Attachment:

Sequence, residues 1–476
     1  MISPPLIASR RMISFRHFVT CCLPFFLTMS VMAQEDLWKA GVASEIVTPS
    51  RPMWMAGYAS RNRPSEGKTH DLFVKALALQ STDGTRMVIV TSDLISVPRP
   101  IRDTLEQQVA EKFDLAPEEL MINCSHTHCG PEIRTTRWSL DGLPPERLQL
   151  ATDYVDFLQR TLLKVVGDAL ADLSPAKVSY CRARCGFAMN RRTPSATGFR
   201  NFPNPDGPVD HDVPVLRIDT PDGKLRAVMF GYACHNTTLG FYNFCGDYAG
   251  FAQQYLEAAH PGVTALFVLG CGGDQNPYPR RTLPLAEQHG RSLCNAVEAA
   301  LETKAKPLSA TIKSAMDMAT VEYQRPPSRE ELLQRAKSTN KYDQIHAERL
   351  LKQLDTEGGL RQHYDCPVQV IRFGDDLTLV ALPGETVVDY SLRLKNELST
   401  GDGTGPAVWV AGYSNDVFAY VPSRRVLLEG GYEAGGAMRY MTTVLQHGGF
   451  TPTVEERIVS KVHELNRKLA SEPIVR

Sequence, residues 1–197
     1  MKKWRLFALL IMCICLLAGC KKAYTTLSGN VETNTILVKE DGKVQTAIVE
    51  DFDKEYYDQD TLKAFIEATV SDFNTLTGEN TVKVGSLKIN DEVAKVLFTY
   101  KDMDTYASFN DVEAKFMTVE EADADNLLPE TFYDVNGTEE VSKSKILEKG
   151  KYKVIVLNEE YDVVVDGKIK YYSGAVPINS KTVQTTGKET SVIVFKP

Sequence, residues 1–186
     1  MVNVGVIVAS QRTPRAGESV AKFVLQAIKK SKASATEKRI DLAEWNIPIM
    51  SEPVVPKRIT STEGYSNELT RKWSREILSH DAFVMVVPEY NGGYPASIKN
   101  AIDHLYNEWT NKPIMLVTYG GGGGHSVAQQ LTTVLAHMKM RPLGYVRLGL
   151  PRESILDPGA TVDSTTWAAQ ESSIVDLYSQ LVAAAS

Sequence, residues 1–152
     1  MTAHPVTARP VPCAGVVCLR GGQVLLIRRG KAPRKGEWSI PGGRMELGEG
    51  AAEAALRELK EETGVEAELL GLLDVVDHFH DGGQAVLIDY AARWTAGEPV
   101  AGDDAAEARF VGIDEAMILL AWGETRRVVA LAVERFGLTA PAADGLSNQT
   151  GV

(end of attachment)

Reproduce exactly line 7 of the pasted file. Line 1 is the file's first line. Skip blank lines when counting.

   251  FAQQYLEAAH PGVTALFVLG CGGDQNPYPR RTLPLAEQHG RSLCNAVEAA